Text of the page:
#360view: It was right to invite Spiranac

The participation of American Paige Spiranac, known more for her social media skills than golf, in the Omega Dubai Ladies Masters is dividing opinions.

Joy Chakravarty
by Joy Chakravarty
9th December 2015

article:9th December 2015

Popular figure: Paige Spiranac.
Popular figure: Paige Spiranac.

The participation of American Paige Spiranac, known more for her social media skills than golf, in the Omega Dubai Ladies Masters is dividing opinions.

There are some like the legendary Laura Davies, who may not have said it in so many words, but made her displeasure known when she said she did not “know her from a bar of soap”.


It’s not as if Davies was feigning ignorance. Given her experience of Facebook or Twitter, which is shockingly close to zilch, she can be pardoned for having no idea who Paige Spiranac is, but that surely isn’t the case with most people constituting Generation Y.

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For the uninitiated, Spiranac is a golfer who had done well for San Diego University before turning professional this year. She has won a couple of events as a college player, but does not have a card on any Tour. She does aspire to be on the LPGA Tour, and is working towards that goal.

And yet, despite not playing even one professional tournament so far – the Dubai Ladies Masters is her pro debut – she has more followers on Instagram than world No1 Lydia Ko (38,800 followers), No3 Lexi Thompson (109,000) and Michelle Wie (the most popular lady golfer with 176,000 followers).

Just 95 posts so far have earned her more than 474,000 devotees, as well as a sponsor’s exemption in Dubai Ladies Masters, a decent contract with Callaway, coverage in Golf Digest and air-time on The Golf Channel.

There may be question marks about her golfing ability, and it will be cruel to pass judgement without seeing her in action in her first professional appearance on Wednesday, but there is no doubt that Spiranac connects with the Millennials – the demographic every sport organiser, or sponsor, is trying to entice.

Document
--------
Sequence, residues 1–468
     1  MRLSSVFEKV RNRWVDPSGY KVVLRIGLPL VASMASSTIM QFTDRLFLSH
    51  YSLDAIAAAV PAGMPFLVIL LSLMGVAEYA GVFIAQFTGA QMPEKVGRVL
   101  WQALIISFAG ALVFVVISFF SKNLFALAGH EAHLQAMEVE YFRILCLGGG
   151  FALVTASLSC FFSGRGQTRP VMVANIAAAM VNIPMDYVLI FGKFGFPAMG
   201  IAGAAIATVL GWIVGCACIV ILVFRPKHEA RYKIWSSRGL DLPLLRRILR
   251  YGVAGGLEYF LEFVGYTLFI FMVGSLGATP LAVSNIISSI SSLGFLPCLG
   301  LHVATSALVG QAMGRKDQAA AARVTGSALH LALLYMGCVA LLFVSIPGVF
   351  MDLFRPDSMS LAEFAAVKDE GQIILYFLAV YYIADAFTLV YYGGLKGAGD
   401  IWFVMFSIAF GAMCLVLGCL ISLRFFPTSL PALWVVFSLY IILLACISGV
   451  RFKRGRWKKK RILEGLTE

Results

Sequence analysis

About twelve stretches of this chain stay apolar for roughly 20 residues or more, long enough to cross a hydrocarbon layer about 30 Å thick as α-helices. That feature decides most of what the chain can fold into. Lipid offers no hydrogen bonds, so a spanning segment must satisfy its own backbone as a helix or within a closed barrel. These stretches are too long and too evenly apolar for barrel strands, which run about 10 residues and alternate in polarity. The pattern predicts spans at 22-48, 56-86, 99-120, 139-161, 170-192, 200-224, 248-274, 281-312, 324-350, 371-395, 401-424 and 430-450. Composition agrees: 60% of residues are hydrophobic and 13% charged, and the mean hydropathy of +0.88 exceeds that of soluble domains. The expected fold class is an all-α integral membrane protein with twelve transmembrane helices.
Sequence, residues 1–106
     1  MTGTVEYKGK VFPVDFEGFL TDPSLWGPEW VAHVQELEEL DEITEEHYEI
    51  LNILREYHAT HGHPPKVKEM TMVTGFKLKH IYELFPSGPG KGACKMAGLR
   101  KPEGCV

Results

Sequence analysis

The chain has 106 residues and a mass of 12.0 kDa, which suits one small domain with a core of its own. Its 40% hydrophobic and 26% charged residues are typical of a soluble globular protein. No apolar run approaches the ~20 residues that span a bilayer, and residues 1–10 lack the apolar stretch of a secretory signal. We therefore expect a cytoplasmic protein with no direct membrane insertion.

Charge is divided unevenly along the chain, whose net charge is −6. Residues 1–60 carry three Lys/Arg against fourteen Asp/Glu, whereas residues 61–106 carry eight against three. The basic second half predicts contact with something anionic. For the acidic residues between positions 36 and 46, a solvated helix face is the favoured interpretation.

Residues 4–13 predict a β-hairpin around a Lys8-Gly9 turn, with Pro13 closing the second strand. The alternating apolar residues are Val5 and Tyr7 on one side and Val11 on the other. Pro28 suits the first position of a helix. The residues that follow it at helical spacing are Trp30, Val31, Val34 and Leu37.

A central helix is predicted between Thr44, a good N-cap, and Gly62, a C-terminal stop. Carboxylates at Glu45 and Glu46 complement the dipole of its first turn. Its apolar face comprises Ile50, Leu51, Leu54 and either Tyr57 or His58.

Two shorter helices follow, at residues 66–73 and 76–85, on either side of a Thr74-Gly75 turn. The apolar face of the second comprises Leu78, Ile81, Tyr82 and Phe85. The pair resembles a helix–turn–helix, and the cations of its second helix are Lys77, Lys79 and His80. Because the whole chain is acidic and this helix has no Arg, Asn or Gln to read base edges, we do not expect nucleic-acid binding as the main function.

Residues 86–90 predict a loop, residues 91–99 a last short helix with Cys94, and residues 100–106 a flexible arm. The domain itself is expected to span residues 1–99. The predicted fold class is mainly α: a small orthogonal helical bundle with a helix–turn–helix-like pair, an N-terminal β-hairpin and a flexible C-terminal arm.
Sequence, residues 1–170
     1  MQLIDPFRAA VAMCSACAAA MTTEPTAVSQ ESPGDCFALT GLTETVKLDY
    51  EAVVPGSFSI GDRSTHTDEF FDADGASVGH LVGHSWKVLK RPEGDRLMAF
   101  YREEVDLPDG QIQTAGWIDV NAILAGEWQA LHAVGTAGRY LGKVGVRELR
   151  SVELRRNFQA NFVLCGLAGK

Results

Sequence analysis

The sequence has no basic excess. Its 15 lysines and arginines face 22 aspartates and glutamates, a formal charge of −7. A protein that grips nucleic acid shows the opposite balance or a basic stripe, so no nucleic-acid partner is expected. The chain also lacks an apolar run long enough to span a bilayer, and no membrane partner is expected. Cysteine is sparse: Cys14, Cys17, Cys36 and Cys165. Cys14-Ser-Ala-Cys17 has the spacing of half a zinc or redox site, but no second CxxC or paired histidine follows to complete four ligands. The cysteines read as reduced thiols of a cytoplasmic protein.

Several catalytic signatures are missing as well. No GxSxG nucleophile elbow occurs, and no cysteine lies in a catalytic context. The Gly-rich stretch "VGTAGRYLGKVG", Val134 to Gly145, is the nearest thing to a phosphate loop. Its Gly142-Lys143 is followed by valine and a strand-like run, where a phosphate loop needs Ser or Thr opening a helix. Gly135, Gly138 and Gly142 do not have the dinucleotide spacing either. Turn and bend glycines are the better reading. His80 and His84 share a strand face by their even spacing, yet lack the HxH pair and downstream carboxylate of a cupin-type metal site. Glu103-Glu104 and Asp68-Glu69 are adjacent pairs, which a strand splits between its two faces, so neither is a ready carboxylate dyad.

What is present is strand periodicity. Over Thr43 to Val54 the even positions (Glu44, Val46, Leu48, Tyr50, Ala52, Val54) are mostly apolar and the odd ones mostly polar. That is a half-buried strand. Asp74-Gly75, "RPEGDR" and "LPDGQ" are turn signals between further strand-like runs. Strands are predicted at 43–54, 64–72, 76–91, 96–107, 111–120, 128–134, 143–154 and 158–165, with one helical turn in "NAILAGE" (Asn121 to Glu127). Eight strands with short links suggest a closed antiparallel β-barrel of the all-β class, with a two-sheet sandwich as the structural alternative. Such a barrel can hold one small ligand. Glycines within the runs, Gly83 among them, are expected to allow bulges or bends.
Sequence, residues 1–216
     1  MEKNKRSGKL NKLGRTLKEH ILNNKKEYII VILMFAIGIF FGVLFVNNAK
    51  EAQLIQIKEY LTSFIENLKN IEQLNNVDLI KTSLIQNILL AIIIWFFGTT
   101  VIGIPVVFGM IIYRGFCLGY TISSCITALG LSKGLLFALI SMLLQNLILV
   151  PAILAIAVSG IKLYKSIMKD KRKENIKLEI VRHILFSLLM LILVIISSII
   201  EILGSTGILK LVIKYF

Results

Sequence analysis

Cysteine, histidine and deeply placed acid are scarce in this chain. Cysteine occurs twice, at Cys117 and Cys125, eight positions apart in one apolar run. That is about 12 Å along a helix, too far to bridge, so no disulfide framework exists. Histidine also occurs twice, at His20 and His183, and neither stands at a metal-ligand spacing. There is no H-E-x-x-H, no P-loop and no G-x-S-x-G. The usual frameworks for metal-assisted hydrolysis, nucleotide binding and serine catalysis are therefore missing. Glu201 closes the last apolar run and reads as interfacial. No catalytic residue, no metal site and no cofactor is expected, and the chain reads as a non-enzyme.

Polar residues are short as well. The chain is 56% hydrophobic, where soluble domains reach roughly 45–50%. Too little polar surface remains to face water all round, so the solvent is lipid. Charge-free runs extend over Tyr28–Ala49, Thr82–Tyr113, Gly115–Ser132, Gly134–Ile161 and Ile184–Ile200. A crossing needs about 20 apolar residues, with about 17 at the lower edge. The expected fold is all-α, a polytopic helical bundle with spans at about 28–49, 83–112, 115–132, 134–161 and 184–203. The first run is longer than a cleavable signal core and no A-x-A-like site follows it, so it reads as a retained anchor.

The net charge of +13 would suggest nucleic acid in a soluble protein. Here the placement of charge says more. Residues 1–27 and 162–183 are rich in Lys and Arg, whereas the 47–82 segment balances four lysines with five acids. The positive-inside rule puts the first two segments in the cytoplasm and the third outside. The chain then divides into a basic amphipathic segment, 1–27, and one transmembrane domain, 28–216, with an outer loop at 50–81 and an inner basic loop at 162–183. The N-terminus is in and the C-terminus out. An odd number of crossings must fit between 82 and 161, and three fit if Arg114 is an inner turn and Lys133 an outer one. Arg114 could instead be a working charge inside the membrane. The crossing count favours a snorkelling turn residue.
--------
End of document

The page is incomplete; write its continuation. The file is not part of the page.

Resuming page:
Given that, you really can’t blame the organisers for inviting Spiranac, even though there will be many who’d always think another player from the Tour, or an amateur from the region, would have been a better and more deserving choice.

So, there are two ways of looking at how successful her participation has been. Either we look at her scores, or we look at the internet hits that she has generated for the tournament.

From a Sport360 point of view, our pre-event story on Spiranac, retweeted by her, generated the most number of likes ever for any women’s golf story we have published.

There is a possibility that Spiranac won’t event make the cut, but should we treat that as failure? It will have to be measured against the fact that this is only her debut as a professional, and that she is making her first trip outside America.

Just for the sake of comparison, Tiger Woods and Rory McIlroy – two of the greatest golfers of recent times – did make the cut in their professional debut. McIlroy was tied 42nd in the 2007 British Masters, while Woods was tied 60th in 1996 Greater Milwaukee Open.

But what about them playing in a professional tournament for the first time ever? Woods actually missed the cut in his first seven starts on the PGA Tour, while McIlroy had to wait for two years before making his first cut in a professional tournament – at the 2007 Dubai Desert Classic.

Really, if Spiranac makes it to the weekend, it will be a fantastic achievement for her. And even if she doesn’t, the move to invite her to play will go down as fantastic, out-of-the-box thinking by the organisers.


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